The Future of Retail Requires Transformation

Retail Executive Magazine – “4 key trends are shaping future strategies and tactics to help retailers survive, adapt, and win,” said Brian Brunk, Principal at BRP. The traditional retail model has experienced significant disruption over the last decade. This cycle of disruption is being driven by ever-increasing customer expectations, competitive pressures from new entrants, and the proliferation of new technology like the smartphone. Customers’ journeys are varied and much more complicated than in the past.

Consumers now start and stop their shopping journey in various channels, including social media, and frequently shop for a product across different retailers, online and in the store. The path to purchase also varies by consumer and by the type of product they are purchasing. Consumers expect their experiences to be seamless and to have their “shopping cart” follow them throughout their journey. They perceive one experience across the entire brand, not broken into individual channels or locations.

As retailers adapt, customer engagement models must transform. Traditional retail lines are rapidly evolving. There is a blurring between the physical and digital environments but also an evolution of retail formats to include virtual showrooms, retail “theatre,” pop-ups, stores within stores, and more. As retailers find it more difficult to compete with commodity products, we expect to see more private-label brands as a key differentiator. In some cases, wholesale will become the new retail.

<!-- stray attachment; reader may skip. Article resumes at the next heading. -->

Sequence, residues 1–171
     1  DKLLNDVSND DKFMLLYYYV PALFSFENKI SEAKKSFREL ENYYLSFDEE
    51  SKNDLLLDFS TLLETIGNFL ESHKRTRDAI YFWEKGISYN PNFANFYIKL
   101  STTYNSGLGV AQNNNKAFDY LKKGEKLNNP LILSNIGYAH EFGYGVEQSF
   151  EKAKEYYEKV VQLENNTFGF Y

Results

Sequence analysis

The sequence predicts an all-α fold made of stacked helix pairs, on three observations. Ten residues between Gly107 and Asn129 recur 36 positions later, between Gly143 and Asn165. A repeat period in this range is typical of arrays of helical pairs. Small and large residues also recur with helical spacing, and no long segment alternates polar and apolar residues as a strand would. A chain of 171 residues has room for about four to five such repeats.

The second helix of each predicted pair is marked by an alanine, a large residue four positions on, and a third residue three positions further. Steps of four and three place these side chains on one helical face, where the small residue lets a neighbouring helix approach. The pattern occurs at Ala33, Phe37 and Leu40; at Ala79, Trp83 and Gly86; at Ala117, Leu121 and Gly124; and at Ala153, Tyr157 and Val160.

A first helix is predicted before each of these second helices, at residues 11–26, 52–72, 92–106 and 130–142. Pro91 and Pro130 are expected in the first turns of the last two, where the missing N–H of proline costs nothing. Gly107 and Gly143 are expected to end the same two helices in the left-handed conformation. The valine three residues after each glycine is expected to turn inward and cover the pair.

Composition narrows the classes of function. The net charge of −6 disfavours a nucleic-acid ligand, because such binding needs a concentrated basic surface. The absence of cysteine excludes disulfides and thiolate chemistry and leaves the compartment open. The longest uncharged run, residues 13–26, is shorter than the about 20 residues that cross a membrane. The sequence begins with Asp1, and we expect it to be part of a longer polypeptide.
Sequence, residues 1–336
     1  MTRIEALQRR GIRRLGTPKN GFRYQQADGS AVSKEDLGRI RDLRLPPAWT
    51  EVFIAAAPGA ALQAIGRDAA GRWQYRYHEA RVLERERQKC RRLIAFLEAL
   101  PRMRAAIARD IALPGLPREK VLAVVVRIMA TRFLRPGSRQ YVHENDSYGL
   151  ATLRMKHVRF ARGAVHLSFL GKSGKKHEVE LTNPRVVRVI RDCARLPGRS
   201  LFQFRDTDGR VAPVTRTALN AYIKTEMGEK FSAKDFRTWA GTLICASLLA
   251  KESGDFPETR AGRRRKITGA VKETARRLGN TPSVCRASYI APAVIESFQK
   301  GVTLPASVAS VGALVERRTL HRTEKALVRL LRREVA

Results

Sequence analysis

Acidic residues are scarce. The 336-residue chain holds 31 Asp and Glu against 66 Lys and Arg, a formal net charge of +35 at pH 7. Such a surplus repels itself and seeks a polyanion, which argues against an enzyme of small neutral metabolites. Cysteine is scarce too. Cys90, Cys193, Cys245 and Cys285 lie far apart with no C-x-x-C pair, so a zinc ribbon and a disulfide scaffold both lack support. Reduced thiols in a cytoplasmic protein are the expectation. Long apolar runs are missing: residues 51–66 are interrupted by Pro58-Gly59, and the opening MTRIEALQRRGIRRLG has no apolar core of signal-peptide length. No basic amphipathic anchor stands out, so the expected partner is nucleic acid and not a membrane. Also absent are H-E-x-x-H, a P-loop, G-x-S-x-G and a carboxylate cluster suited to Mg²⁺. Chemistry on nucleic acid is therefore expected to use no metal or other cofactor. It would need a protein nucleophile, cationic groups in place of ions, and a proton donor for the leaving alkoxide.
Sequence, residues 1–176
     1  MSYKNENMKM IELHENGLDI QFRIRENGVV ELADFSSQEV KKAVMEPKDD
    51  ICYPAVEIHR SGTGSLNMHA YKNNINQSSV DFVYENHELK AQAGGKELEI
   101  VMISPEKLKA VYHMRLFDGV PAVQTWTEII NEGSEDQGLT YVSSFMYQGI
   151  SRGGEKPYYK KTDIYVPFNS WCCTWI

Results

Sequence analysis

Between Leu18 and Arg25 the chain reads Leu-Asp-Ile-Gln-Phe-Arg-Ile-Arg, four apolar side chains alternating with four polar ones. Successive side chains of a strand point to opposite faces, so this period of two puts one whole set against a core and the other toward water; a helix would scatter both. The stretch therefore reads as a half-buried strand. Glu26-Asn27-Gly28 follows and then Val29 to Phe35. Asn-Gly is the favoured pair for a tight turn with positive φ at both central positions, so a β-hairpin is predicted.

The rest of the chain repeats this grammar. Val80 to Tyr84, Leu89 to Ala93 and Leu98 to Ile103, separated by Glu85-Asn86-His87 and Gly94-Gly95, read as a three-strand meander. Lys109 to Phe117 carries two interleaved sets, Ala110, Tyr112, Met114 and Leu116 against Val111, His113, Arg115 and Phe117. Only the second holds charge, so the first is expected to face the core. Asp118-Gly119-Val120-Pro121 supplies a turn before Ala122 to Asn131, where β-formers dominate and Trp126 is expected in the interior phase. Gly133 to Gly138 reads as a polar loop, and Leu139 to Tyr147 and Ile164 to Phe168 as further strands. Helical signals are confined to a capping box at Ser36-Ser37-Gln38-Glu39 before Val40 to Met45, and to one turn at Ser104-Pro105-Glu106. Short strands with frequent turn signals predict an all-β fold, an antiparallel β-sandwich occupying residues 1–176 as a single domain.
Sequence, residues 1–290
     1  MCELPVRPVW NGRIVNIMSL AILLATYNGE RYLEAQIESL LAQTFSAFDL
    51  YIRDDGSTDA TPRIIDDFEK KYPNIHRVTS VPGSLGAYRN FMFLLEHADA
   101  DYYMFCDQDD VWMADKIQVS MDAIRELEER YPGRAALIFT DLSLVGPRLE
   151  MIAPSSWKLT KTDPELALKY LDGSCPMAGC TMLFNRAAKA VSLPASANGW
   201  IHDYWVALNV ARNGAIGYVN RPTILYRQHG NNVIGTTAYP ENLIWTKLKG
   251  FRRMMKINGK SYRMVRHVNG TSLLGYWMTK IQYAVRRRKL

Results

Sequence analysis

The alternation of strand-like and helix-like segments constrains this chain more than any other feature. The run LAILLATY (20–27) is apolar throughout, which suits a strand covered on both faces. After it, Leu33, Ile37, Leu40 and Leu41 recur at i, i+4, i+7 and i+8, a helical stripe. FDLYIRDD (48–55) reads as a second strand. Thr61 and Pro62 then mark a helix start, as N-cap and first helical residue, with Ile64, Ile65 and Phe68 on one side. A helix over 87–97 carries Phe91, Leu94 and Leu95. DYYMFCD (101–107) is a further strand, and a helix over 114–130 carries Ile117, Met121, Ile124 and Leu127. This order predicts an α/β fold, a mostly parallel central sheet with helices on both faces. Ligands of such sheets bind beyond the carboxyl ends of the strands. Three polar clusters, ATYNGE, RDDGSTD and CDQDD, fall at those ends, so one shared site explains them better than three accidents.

“The real disruptor on the horizon is self-driving vehicles, which will disrupt traditional supply chain models, consumer expectations, and the retail world.”


Is this disruption new to retail? No — retail has gone through many periods of disruption over the years. The introduction of catalogs, the move to suburban malls, the rise of Walmart, and the advent of e-commerce are all examples of retail disruption cycles. However, the current rate of disruption and the subsequent transformation are probably the greatest many of us have seen or will ever see.

With the flurry of retail bankruptcies and store closure announcements, “Retail Apocalypse” has been the pervasive topic of the last 12 months. Mentions of “apocalypse” might work well when trying to grab headlines; however, the reality is something much subtler and far more interesting — the ever-evolving nature of retail and consumers. Retail is simply transforming. Overall, retail is growing, with many retailers opening new locations, increasing sales, and investing in the future. Retail is changing and, as always, there will be winners and losers.

Focusing on the “Retail Apocalypse” is liking hitting the pause button and ignoring what is really happening. Call it the “Great Retail Transformation”; it doesn’t matter. It’s the future, and it’s just retail.

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